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New CDC Guidelines for Zika: What You Should Know

August 09, 2016

As of this month, the state of Florida has now had 16 confirmed homegrown cases of Zika, an infection that has been linked to birth defects such as microcephaly, which leads to severe developmental delays and long-term cognitive challenges for newborns

Wynwood, a neighborhood north of Miami, has become the epicenter of the Zika outbreak in recent weeks, as the CDC issued an unprecedented travel warning that advised pregnant women and their partners not to travel to the neighborhood.  

This is the first time the CDC has issued such a warning for an American neighborhood. Since the outbreak began last year, there have been 7,360 confirmed Zika cases in the U.S., 1,817 of which were in the continental U.S. while the remaining have occurred in U.S. territories such as American Samoa, Puerto Rico and the U.S. Virgin Islands. 

As this health crisis remains ongoing, the CDC has issued more guidelines to reduce the spread of the outbreak. Here’s what you need to know:

Florida is the First State to Have Homegrown Zika Cases

The current outbreak in Florida is due to local mosquitoes. According to Governor Rick Scott, Florida is the first state to have locally transmitted cases of Zika. Previously, infections in the U.S. were the result of individuals traveling to a Zika infected country and returning the U.S. with the infection. 

However, the virus can spread when a mosquito bites an infected person. A mosquito then can bite another victim and transmit the virus. Health officials in Miami say the virus likely was transmitted this way and that the original person who was infected with the virus likely had no idea he or she had contracted it. The local outbreak so far has been confined to the Wynwood neighborhood in South Florida. In Orange County, there have been no reported local cases. However, as of mid-July, there have been 33 confirmed cases of the virus in our area. 

CDC Says Pregnant Women Should Avoid Wynwood Neighborhood

The CDC has issued new guidance for people who live in or have traveled to Wynwood after June 15. It has advised pregnant women not to travel to the neighborhood, a one-square mile area frequented by tourists because of its thriving arts district.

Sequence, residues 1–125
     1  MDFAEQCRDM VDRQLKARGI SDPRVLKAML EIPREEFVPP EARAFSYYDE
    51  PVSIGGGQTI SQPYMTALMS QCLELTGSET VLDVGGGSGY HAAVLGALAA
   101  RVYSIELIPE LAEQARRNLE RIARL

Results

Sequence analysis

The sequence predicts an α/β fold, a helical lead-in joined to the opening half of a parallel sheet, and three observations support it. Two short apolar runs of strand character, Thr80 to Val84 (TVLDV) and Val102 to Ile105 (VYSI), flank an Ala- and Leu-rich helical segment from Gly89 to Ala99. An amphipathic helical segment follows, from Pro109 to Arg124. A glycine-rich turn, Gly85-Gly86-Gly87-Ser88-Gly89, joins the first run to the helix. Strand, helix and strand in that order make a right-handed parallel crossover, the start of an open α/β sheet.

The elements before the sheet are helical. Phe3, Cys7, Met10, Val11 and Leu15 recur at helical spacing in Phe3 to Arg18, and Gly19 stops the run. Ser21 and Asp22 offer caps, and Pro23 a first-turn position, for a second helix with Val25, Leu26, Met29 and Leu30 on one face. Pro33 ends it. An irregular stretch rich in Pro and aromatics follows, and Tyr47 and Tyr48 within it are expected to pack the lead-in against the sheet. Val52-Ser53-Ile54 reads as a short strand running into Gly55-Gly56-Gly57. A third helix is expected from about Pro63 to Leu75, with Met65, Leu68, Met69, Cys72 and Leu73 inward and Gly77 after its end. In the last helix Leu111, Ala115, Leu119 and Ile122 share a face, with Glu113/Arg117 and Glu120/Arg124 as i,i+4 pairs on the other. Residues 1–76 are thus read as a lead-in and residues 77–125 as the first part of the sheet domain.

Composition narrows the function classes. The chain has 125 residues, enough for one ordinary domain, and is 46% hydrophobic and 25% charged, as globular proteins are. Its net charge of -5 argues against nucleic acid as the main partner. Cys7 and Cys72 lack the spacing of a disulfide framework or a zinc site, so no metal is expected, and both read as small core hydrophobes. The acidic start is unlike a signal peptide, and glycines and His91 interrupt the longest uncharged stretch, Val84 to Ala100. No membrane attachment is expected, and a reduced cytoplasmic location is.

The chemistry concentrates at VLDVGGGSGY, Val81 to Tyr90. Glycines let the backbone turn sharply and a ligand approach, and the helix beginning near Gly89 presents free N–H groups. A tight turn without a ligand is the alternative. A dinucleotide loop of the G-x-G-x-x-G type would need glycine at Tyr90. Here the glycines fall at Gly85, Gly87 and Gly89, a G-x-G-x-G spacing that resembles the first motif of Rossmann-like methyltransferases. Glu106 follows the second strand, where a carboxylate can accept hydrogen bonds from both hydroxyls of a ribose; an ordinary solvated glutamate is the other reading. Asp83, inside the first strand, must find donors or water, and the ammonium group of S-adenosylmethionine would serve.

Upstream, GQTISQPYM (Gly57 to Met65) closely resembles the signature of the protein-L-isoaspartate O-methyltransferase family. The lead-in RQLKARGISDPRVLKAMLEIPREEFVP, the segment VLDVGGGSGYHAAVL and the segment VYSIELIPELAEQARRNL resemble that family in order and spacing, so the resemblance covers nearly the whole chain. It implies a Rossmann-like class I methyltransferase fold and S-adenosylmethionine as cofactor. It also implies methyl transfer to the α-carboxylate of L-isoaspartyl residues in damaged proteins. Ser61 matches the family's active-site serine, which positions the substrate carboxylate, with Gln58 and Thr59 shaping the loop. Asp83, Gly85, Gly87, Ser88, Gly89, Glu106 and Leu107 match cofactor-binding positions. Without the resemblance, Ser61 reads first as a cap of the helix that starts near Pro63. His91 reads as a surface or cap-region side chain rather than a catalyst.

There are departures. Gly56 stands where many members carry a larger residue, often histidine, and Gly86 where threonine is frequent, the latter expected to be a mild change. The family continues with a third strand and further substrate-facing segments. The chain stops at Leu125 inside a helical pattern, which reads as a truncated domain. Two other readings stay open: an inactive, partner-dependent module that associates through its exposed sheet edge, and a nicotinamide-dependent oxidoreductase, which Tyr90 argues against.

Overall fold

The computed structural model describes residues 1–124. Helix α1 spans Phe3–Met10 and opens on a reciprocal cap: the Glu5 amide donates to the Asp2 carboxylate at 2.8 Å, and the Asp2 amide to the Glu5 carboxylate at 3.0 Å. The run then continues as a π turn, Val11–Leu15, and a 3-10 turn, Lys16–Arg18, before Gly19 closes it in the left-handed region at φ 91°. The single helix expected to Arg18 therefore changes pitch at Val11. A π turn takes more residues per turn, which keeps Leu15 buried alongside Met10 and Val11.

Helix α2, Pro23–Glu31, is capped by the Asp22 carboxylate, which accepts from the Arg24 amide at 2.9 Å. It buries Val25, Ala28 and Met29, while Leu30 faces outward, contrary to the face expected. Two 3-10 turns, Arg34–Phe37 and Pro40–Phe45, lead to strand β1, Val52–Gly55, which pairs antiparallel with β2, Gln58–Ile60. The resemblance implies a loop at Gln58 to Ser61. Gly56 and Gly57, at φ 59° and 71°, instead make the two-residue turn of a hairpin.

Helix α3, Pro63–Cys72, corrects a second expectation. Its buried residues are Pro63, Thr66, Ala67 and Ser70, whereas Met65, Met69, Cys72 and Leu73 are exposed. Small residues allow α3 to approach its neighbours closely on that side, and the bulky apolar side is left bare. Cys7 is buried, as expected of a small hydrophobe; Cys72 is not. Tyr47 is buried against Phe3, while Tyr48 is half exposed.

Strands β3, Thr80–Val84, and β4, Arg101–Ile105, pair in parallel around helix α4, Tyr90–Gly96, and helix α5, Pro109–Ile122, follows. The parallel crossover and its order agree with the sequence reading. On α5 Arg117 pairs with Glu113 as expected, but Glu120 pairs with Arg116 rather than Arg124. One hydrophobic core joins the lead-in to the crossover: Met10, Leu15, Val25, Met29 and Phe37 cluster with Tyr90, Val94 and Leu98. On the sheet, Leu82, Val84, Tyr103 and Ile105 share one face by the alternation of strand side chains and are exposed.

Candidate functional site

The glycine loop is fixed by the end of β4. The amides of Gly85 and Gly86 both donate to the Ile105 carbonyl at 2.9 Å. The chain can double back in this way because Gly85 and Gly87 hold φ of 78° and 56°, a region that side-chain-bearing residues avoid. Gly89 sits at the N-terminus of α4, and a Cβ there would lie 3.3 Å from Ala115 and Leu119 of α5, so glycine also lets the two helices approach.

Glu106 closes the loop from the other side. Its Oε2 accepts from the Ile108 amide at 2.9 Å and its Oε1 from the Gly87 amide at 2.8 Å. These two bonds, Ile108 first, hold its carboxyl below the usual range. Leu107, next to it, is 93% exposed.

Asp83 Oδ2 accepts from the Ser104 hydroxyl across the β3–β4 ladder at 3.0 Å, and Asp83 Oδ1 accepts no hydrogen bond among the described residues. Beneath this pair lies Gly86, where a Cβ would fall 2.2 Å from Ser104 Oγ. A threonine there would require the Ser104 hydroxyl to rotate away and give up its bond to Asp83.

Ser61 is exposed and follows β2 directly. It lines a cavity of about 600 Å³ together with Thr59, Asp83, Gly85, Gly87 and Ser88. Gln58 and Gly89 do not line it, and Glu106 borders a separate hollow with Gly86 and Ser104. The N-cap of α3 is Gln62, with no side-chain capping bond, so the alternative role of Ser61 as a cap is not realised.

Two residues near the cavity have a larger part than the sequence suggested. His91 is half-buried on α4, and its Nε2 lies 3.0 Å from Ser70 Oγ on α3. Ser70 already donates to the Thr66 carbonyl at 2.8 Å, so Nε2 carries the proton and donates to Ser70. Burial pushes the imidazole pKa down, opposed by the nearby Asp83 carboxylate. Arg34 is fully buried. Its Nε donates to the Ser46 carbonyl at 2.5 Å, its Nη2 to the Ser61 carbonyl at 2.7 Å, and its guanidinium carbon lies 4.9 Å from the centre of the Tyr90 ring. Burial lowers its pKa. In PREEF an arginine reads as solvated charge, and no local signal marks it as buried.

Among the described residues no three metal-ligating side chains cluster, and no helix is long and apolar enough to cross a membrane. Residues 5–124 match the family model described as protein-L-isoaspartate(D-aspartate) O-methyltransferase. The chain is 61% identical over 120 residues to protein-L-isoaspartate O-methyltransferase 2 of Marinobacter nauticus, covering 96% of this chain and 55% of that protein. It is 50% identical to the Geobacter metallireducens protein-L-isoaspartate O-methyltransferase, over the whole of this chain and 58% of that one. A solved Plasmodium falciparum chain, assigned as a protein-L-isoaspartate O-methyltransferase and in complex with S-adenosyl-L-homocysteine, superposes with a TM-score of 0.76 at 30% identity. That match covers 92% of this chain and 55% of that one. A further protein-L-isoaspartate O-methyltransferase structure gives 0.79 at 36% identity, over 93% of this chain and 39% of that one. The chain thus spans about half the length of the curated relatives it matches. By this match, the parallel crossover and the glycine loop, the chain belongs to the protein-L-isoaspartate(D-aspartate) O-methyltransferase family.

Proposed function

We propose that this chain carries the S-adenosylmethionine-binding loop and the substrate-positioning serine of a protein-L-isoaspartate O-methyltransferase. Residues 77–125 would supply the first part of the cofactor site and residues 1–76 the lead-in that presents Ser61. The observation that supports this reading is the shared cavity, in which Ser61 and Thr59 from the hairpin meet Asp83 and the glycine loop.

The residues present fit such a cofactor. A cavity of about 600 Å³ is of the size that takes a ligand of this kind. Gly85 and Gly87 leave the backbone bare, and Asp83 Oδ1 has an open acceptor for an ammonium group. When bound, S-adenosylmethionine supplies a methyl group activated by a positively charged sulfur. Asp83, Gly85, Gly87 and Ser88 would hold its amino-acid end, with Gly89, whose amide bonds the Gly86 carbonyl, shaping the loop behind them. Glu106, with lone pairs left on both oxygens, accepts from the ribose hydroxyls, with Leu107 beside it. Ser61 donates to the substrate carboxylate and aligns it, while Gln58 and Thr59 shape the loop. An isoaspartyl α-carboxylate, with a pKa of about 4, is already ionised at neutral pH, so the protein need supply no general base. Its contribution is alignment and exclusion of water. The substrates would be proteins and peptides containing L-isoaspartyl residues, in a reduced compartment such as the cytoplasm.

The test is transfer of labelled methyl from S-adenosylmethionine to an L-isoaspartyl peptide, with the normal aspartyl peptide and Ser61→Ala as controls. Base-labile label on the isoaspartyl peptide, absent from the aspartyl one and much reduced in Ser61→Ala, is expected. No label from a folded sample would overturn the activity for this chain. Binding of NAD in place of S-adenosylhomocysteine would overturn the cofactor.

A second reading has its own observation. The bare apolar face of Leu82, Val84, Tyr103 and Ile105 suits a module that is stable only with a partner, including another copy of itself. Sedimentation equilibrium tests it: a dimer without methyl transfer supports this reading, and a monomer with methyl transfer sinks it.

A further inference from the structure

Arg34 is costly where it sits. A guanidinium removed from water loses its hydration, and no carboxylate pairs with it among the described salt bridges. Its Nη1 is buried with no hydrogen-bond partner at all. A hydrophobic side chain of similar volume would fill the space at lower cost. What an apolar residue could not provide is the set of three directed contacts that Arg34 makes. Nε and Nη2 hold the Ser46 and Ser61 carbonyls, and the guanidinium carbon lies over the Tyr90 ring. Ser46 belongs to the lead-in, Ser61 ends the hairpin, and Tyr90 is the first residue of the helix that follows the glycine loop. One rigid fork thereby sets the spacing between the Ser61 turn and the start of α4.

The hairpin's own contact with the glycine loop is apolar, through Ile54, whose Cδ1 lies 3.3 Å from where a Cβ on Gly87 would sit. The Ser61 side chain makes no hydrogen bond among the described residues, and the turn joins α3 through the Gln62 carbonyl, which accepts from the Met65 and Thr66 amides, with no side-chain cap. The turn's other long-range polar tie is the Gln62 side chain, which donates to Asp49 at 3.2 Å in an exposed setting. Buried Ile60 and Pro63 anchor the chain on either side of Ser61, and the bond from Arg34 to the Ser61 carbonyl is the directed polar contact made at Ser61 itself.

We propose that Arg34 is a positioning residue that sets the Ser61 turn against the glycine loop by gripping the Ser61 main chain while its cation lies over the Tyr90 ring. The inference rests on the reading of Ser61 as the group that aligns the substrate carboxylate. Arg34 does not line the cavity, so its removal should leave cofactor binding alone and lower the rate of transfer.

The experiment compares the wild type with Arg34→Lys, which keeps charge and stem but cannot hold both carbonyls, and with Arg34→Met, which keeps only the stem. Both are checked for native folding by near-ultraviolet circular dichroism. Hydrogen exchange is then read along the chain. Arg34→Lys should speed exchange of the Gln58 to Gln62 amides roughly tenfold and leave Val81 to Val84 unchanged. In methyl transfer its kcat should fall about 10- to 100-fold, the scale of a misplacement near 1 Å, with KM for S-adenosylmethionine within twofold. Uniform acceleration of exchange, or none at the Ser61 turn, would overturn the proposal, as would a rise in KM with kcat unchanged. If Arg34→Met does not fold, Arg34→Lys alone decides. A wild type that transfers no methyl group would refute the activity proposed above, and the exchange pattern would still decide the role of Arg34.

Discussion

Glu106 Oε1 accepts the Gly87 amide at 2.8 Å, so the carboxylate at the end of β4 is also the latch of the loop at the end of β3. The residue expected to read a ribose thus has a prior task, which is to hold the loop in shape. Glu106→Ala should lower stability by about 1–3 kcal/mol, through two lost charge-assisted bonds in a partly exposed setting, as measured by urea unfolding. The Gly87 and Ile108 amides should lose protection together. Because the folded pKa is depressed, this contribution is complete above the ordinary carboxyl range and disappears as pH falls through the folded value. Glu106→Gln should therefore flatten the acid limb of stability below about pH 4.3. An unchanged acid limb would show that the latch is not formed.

The CDC also says pregnant women and their partners who have traveled to or live in the area should do everything possible to prevent mosquito bites, including wearing insect repellant when outdoors and treating their clothing and other items with permethrin, a form of insect repellant that remains on clothing even after multiple washes. People in the local area also should take steps to protect themselves from mosquitoes while indoors, including using screens on windows and doors, using air conditioning and getting rid of trash receptacles and other containers that can hold water that attract mosquitoes.

Couples Thinking About Getting Pregnant Should Take Precautions, Too

Since we now know that Zika can be transmitted through sexual intercourse, couples who are thinking about becoming pregnant should take extra precautions. Earlier this year, the CDC set  new guidelines for sex after  Zika infection. Men who have contracted Zika should avoid unprotected sex and wait for six months before trying to get their partner pregnant. Women with Zika should wait at least eight weeks before trying to get pregnant. 

The CDC says men and women who live or have traveled to Wynwood should talk to doctor about how to lower their risk of infection. They also may need to get tested for the virus. People who traveled to the neighborhood should wait at least eight weeks before trying to get pregnant, the CDC advises.  

Florida officials are taking steps to reduce the spread of the virus. They have launched an aggressive mosquito control program that includes spraying the area with insecticides. In addition to these efforts, you can lower your risk of contracting Zika by following the preventative measures I outlined above. Only 20 percent of people who contract the virus will have symptoms, which include headache, fever, rash, joint pain and pink eyes. If you recently have traveled to a Zika-affected area and have any of these symptoms, see a doctor right away to confirm a diagnosis. Though Zika isn’t life-threatening, getting tested for the virus may help prevent the spread of infection and protect pregnant women from the virus’s serious long-term complications. 

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